You can use samples from different sources, such as one-shot drum hits, samples from records, commercial loops from companies like Splice, or a sample of a single tone or note mapped across a keyboard, to create a sample-based instrument. (I make many of my free Ableton packs like this.)

Ableton’s stock sampler is great for all these sampling duties – as well as the drum rack for drum beats.

Each genre’s aesthetic or ‘rules’ may dictate the type of drum samples used. Research sample packs on Splice to get a feel for the snares, kicks, and hi-hats used in your genre.

A person with short hair passionately sings into a studio microphone, eyes closed and fully immersed in their performance. Large, circular earrings accentuate their appearance against the solid red background, enhancing the intensity of the scene.


You could use your mobile phone to capture lo-fi audio. If you want higher quality, you will need a dedicated microphone and audio device. There are a number of quality microphones available for recording vocals. To get started, the Shure SM58 is a decent, budget-friendly vocal mic.

The microphone plugs into your audio device to record into your digital audio workstation.

In addition to composing great lyrics, there are several vocal recording techniques to learn that will help to improve the quality of your recording. As you start out, try to get as clean a vocal recording as you can and go through the process of comping (compiling your vocal takes) and arranging your recordings into your project. Once this is done, finish the track and mix it too. This will help you understand the whole production process so that you can then refine individual stages in your next track.

You can find vocal samples to use or record yourself or a singer. If you are looking for a professional singer, you can always approach one and ask them to sing on your track. You can find musicians on Soundbetter.

Course of use: Best Music Composition Courses

Music Theory

You don’t need to know music theory to produce electronic music.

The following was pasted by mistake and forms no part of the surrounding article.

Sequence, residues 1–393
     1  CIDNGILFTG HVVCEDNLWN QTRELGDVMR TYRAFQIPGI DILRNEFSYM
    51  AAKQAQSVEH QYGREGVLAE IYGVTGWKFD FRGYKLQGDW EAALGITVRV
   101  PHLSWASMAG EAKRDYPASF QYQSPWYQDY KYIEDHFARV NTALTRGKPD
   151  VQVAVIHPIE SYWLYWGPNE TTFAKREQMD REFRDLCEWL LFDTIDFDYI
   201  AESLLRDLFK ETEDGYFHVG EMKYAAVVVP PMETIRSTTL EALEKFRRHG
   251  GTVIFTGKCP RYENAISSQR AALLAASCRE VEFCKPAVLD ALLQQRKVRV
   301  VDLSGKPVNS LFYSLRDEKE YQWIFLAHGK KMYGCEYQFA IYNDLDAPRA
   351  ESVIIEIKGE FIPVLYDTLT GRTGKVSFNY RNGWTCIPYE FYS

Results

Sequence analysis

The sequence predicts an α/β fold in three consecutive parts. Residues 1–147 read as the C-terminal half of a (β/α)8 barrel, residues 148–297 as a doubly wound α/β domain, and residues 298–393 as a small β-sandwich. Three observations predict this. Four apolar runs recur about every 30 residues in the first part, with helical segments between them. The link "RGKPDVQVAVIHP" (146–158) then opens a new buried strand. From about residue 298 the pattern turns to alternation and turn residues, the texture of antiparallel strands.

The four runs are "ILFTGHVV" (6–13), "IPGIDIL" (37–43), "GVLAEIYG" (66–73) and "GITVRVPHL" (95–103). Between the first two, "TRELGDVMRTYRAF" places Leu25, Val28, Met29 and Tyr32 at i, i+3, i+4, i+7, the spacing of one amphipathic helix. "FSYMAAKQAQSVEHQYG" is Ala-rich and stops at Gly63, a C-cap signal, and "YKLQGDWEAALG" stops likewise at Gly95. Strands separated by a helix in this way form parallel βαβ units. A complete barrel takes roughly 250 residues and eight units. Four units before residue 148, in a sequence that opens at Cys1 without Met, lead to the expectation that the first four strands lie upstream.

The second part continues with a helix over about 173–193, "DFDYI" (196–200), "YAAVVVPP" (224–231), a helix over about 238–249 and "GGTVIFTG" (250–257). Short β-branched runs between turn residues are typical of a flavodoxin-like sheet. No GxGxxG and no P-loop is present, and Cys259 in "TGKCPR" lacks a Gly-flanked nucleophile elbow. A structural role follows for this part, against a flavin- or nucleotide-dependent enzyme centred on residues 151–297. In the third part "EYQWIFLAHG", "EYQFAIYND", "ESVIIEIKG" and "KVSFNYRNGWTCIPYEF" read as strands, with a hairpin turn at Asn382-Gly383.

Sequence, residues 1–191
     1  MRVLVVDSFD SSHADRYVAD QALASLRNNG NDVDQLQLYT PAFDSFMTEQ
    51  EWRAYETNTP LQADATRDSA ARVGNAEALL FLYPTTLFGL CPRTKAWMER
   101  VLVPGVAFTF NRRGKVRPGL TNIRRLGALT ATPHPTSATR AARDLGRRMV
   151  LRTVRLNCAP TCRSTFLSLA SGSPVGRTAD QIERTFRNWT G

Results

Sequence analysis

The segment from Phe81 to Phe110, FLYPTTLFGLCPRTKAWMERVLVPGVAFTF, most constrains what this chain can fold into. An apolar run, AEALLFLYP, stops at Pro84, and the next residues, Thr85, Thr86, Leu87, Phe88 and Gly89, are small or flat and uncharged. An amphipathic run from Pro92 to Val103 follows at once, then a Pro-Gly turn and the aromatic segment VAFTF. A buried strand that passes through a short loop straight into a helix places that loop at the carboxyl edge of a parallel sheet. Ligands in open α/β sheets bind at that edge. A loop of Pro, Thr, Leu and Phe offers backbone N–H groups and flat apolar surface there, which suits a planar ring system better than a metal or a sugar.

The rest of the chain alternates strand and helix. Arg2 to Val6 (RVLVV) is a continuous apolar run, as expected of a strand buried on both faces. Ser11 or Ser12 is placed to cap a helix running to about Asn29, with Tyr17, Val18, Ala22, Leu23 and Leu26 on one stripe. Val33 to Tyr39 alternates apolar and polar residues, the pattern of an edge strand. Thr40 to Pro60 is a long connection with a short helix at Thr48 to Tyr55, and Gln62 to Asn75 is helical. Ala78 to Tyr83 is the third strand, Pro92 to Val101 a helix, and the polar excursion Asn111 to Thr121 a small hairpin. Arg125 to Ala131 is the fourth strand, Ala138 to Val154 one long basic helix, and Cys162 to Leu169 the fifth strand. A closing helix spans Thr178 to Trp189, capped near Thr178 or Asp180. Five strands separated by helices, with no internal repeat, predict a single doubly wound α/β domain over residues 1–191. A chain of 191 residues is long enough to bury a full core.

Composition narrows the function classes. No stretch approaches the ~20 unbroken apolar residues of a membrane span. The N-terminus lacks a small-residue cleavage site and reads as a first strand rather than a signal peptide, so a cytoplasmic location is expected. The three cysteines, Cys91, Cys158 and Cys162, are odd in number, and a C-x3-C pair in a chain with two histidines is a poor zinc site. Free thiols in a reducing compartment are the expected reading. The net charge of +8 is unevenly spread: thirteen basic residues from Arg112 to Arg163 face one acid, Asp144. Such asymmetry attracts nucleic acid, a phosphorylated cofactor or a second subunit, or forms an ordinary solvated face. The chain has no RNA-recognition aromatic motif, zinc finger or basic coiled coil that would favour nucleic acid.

It does come in handy though 🙂

I think music theory gets a bad rap. It’s actually really useful and not always complicated. Look at it this way: Music theory is the language of music. It helps to have a little understanding of the basics to help you communicate your ideas, but you don’t need to be fluent.

This language helps us to create, analyze, and interpret music. A lot of it we already intuitively know but perhaps don’t have the words for. As you make your own electronic music you will start to identify areas of music theory that maybe of interest to you. For example, you may start to pay more attention to scales and keys or develop curiosity about polyrhythms or harmonies. Investigate each topic as it presents itself to avoid being overwhelmed by music theory.

A useful book if you want to learn more is Music Theory for Electronic Music. Also check out these YouTube channels:


Once you’ve generated all your musical ideas, it’s time to arrange your instrumentation coherently. This is an often overlooked part of the composition process when producing electronic music, but it’s well worth doing. A good arrangement that selects the right instrumentation will help convey the ideas of the music, maintain clarity, and ensure that sounds that occupy the same frequency spectrum don’t interfere with each other.

It’s useful to know that a good arrangement will make mixing your track much easier. A good arrangement helps to separate parts and clarify the main compositional ideas, providing a solid foundation to achieve an uncluttered mix.

In Ableton's arrangement view a wave form is broken down into various color-coded sections labeled "INTRO," "BREAK," "OUTRO,". The timeline showcases markers that delineate different segments of the track, providing a visual representation of the song's structure.
fig 2.1 Investigating track structure in Ableton


This is slightly different from ‘Arrangement’ in that rather than structuring the instrumentation, we are structuring the energetic flow of the track. You’ll find most electronic music is structured around 16-bar sections, with changes to the structure normally happening every 8, 16, and 32 bars.

This predictability with the 8-bar grid allows the dancefloor and DJs to keep momentum. Unless you are making electronica (or nonclub music), it’s worth sticking to the rules.

A common way to make electronic songs is to start writing a solid 16-bar loop that contains all your track’s main ideas. You can then expand the loop into a full track. To create a structure from this loop, you can begin with 16 to 32 bars of the stripped loop and introduce elements throughout your track until you reach the solid 16-bar loop. Keep in mind that you want to maintain energy and interest as you structure your track.

TIP – Check out the arrangement and structure of a track you like by importing it into Ableton Live. Whilst listening to the track, add Locator markers when you notice a change in the structure. Open a MIDI track below and note the intro, main parts & breaks. This will help to give you an overview of different approaches to track structure. See pic fig 2.1 above.

The person wearing headphones works at a desk with two monitors displaying video editing software. Their right hand operates a professional audio mixing console with various buttons and sliders. The scene is illuminated by the screens and equipment lights, creating a focused and high-tech atmosphere.

Mixing and Mastering